Classic FM's 10 best classical tear-jerkers
Robert Weedon |
Friday 12th July
Yesterday, an email newsletter from Classic FM turned up in my inbox.
I don't remember signing up for it, but I expect it's because I completed some sort of survey for them. However, I clicked on a link to an article called "10 best classical tearjerkers", which I suppose should have been a clue not to go anywhere near it.
The article certainly provoked an emotional reaction in me, but probably not the one they were looking for. Reading it somehow made me feel quite sullied.
Perhaps it was the awfully Photoshopped portrait of a composer most classical music appreciators consider one of the greatest artists to have graced us here. Or perhaps it was the astonishingly banal reasons given for the arbitrary "10 best" choices on the page, with its "ho-ho-ho I'm so ironic" tone, presumably the result of some sort of poll and a bored junior researcher's labours. But I think more than any of these it was the use of the phrase "classical tear-jerker".
To experience an emotional reaction to a piece of music, whether classical or another form is perhaps one of the most profound experiences a human can have.
Either through its inherent musical beauty, the subject it portrays or an association with an event in a person's life, music has the power to provoke emotion perhaps more than any other medium. You only need to listen to a programme like Radio 4's excellent Soul Music to hear how life-affirming, even life-changing a piece of music can be.
Unlike the majority of other arts, whose primary medium is storytelling, music is an abstract concept where the sound itself gives rise to the emotion through signals it sends directly to the brain. Sometimes it can be intense joy or fierce anger, humour or even pain. But at its best music is a form that can move you, to metaphorically take you outside of yourself and your existence, if only for a brief moment.
I remember going to hear Vaughan Williams' Symphony No.5 at the BBC Proms last year. It's a profound piece, with associations of The Pilgrimâ€™s Progress, very serene and quiet yet first played in the middle of World War II as the bombs were falling on London. The Romanza is the emotional core of the work, with its implied quotation of the hymn tune Lasst Uns Erfreuen.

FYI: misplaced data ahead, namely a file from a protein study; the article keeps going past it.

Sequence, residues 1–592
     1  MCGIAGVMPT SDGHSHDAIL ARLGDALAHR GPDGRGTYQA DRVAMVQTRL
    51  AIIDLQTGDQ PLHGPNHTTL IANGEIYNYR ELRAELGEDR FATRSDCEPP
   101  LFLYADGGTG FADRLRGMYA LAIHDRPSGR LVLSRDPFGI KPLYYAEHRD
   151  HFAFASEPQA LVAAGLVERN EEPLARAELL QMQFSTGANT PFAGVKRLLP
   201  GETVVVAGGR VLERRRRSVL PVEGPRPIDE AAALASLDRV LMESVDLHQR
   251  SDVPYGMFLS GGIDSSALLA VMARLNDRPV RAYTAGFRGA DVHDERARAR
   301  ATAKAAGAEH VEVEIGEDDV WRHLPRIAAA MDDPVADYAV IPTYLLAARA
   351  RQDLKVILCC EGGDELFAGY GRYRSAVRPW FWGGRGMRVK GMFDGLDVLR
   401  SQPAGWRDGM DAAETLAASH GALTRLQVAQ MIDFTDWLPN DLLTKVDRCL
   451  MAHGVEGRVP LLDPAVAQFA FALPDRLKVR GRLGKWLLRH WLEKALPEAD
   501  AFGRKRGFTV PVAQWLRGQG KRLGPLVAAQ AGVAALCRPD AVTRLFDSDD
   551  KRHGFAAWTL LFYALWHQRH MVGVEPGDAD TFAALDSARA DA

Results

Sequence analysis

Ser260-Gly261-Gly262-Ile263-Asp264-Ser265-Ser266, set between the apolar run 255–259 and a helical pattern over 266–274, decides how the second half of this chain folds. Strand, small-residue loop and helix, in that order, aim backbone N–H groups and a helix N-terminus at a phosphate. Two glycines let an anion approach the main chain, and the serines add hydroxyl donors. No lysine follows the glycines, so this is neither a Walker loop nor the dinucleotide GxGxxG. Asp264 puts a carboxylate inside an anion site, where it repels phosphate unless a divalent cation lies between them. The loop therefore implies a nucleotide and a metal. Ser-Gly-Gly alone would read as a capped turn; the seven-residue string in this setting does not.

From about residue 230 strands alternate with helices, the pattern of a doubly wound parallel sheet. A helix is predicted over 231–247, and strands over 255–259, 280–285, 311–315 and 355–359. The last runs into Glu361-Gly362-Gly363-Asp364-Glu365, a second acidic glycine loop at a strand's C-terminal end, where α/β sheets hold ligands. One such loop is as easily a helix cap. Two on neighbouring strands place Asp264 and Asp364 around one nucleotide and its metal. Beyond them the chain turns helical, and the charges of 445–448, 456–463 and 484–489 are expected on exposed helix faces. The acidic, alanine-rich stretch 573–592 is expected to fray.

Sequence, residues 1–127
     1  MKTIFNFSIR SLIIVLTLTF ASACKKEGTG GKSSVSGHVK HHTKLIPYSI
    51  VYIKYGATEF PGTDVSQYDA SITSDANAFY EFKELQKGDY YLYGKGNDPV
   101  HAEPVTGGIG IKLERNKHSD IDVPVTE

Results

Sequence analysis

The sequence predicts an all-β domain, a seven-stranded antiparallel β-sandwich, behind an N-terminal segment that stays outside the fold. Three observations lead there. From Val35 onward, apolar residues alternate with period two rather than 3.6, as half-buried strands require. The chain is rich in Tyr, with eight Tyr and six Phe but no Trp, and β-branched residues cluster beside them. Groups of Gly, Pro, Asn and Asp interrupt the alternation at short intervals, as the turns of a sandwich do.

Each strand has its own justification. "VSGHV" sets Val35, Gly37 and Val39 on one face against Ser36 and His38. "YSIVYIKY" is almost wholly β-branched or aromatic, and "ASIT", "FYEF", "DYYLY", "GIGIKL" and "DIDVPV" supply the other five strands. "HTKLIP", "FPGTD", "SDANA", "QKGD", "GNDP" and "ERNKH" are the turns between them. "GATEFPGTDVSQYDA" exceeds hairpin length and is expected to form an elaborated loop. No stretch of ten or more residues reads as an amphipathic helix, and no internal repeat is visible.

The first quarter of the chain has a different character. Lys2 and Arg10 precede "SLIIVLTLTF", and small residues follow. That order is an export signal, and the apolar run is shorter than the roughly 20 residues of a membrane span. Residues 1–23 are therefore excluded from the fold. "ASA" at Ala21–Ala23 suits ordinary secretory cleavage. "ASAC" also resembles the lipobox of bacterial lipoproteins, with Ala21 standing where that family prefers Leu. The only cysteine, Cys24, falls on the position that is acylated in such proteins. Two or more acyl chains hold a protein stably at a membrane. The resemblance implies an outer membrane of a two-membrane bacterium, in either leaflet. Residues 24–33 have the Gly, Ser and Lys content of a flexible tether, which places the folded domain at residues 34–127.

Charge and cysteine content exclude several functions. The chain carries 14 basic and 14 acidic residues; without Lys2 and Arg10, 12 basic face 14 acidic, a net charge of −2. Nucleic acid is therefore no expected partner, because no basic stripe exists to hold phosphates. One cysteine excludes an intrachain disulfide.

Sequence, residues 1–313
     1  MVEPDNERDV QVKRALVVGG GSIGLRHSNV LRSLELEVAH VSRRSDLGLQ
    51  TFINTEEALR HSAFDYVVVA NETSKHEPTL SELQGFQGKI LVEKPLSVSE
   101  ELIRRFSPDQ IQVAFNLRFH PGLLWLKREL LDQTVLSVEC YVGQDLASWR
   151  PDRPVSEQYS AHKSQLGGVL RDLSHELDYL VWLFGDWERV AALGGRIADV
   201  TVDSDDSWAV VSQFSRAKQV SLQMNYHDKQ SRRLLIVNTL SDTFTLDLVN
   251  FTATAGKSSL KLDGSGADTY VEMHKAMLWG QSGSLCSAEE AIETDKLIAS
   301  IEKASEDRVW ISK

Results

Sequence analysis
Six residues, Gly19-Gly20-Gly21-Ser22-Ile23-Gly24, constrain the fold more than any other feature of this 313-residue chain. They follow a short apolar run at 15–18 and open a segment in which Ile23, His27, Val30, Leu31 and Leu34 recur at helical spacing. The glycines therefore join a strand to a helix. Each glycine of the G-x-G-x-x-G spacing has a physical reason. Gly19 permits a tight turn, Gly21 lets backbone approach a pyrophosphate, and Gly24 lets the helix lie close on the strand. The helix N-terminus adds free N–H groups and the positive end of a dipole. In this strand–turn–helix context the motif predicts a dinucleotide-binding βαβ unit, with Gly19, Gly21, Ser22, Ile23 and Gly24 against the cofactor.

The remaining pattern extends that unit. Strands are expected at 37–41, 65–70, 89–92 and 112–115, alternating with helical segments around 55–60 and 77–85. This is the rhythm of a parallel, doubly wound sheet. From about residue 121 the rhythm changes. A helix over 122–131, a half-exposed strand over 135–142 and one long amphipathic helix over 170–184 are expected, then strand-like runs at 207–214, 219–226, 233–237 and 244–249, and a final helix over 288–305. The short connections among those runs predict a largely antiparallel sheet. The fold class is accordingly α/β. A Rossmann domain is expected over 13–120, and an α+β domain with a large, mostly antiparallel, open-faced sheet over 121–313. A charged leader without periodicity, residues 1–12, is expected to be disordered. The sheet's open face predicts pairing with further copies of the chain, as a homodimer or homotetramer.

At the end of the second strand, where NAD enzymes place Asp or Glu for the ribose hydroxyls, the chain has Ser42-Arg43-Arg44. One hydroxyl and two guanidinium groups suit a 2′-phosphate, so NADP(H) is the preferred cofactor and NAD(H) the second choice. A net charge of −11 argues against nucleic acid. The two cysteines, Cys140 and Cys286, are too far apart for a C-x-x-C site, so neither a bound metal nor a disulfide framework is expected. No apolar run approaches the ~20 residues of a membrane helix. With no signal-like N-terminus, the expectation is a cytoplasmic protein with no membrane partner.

With all of these associations, but mainly just because it's beautiful, I found myself fighting back the tears. I wouldn't normally share this, but I remember reading that Vaughan Williamsâ€™s Serenade to Music had a similar effect on Rachmaninov at its premiere, so I think I'm in safe company.
I also noticed I wasn't the only one in the audience feeling the same, and looking around a huge auditorium like the Albert Hall made me realise how special sharing a musical experience can be, rather like the point in a book where an author observes something you thought unique to yourself.
I can only assume that the poor writer of the Classic FM article has never really experienced anything like that. One of the pieces the writer mentions on the page is Henryk Gorecki's Symphony of Sorrowful Songs, which is based on a prayer written by a girl on the wall of a prison during World War II. I don't really see how it can ever be appropriate to trivialise that.
Interestingly, the comedian Bill Bailey of all people, not exactly known for taking music entirely seriously, expressed a similar sentiment over the Last Night of the Proms, observing the awful mock-emotions that some Prommers affect and how they seem to devalue the music and musicians.
Maybe I'm taking it all a bit too seriously, after all it's only a silly article on a commercial radio station's website, evidently part of a series with such illuminating titles as "10 OMG moments in Classical Music", but I find it disappointing that a station that professes to be the "home of classical music" can treat it with such disdain.